In the last weekend of April I attended the conference, What Is Documentary: Yesterday, Today and Tomorrow at the University of Oregon’s Portland campus organized by Gabriela Martinez and Janet Wasko of the School of Journalism and Communication. As noted in a previous blog post, it was an extremely interesting two days and three evenings of presentations and film screenings. Best of all, I had the opportunity to interview the ethnographic filmmaker David MacDougall. The interview is in two parts: David MacDougall on Filmmaking and Children in India: Three Places of Learning.
What is Documentary?
In the interview David reminds us there are two kinds of documentary. Some are made based on pre-existing knowledge and prior research while others are the research process itself, a process using video to discover and explore. He notes with the latter “what you end up doing is a product of what you learned during the making of the film. The process “often shifts you into an entirely different direction so it’s quite open ended.”
Documentary Takes Money
Organizations that fund research and explorations, foundations in particular, might follow the lead of early adopters such as The Ford Foundation and their initiative, JustFilms. JustFilms “focuses on film, video and digital works that show courageous people confronting difficult issues and actively pursuing a more just, secure and sustainable world.” Initiative funds are distributed through three distinct paths, two of which point to support of both kinds of documentary cited by David. They are:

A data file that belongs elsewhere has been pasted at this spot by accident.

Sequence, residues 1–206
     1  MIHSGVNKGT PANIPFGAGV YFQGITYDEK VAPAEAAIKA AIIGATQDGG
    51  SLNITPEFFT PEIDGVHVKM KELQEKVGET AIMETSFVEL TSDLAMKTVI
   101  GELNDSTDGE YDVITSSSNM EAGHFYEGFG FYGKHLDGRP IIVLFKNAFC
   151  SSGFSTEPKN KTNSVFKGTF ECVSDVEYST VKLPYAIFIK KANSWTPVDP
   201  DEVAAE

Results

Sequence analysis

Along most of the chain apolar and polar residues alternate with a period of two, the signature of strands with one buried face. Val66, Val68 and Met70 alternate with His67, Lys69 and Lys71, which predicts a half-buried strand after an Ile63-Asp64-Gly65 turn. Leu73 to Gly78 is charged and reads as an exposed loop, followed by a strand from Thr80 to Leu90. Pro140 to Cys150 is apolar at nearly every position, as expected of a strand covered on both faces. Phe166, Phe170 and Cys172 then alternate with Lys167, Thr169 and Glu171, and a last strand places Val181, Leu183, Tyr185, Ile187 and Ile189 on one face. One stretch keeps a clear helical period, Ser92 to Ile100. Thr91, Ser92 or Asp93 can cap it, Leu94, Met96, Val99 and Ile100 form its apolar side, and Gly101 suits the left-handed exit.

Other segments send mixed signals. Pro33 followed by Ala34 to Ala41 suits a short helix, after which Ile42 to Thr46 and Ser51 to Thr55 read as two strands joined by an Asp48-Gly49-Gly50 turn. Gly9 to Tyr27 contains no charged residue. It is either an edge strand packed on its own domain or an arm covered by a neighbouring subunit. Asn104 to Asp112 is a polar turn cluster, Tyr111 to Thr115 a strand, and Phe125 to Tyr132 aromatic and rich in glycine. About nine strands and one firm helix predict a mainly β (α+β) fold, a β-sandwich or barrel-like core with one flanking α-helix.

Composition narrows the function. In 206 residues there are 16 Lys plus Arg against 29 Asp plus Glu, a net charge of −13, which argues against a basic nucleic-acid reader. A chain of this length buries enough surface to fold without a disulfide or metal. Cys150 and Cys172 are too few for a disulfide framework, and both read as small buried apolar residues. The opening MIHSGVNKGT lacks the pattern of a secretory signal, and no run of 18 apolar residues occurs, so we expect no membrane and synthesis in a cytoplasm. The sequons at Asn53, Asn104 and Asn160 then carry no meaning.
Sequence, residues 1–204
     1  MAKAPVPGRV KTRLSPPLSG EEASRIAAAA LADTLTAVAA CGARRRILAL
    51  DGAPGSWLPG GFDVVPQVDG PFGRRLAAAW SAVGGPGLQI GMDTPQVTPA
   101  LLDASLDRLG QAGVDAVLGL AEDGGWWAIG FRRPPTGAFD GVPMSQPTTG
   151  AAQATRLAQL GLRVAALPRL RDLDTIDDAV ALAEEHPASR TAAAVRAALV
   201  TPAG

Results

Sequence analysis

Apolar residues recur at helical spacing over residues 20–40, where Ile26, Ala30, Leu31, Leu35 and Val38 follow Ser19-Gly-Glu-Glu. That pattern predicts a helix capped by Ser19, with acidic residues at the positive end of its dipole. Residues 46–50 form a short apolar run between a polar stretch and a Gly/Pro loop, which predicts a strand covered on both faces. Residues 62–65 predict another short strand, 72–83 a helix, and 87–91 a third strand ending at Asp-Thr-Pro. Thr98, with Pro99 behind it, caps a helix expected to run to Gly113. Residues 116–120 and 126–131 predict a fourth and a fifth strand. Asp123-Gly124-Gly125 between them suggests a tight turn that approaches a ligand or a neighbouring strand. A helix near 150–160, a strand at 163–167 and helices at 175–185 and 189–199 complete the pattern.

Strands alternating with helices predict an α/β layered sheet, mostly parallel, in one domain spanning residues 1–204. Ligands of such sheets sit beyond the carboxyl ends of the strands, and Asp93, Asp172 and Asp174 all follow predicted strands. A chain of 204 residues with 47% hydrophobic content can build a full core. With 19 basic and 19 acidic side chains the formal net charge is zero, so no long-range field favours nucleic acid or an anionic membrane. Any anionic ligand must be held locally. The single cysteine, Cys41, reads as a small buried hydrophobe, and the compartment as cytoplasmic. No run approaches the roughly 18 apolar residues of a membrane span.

- Collaboration with other Ford Foundation grant-making programs where the introduction of documentary film could help draw attention to an issue or advance a movement, and
- An ongoing open-application process that will help JustFilms stay attuned to fresh ideas and stories wherever they may emerge.
It’s the open-ended, exploratory process that in the past made funders and investors nervous, to the point of excluding documentaries all together, and yet it is through exploration that we are more likely to discover what is working at the personal and community level to insure a future for the next seven generations. It’s learning from what the filmmaker finds and sees, especially about us. And it’s understanding that such explorations are part of increasing sustainability awareness in the category, culture and consciousness.
The Story of Us
Even environmental advocates Robert F. Kennedy, Jr. and Julia Butterfly Hill talk about the “us.” Kennedy noted in this interview, “…first of all we are not protecting the environment for the sake of the fishes and birds so much as for our own sake” and Hill in this video identifies the greatest threat being our disconnected consciousness. This does not preclude producing well researched documentaries about Mother Earth, about the birds and the bees, but growing a body of work around people’s behavior that goes beyond headlines and newscasts and is not bound by preconceptions imposed by disciplines and ideologies. David MacDougall’s films are good examples of what I am talking about and you will note in his interview he talks about how the story evolved, taking years, not months, to exploring the emotional and physical lives of children.
Economist and Pachamama co-founder, John Perkins calls out in this video the prophecy of the Eagle and the Condor, an indigenous prophecy told by first peoples all over the world about a time dominated by an intellectual, masculine, mind-driven consciousness, which is followed by an opportunity for balance between that consciousness to one that is heart-driven, intuitive and feminine. It is a call for a shift in humanity’s relationship to the Earth and our relationship to each other and, according to the prophecy, that time is now.
We need to reconnect with Mother Earth and with one another yet how?
It’s documentary filmmakers, using their skills and experience, who can help show us the way, if we invest in them and their projects that explore “fresh ideas and stories wherever they may emerge.” And in the process bringing to the fore those in relationship with Mother Earth and community so we can learn from them.
Ruth Ann Barrett, Sustainability Advocate, May 6, 2014, Portland, Oregon.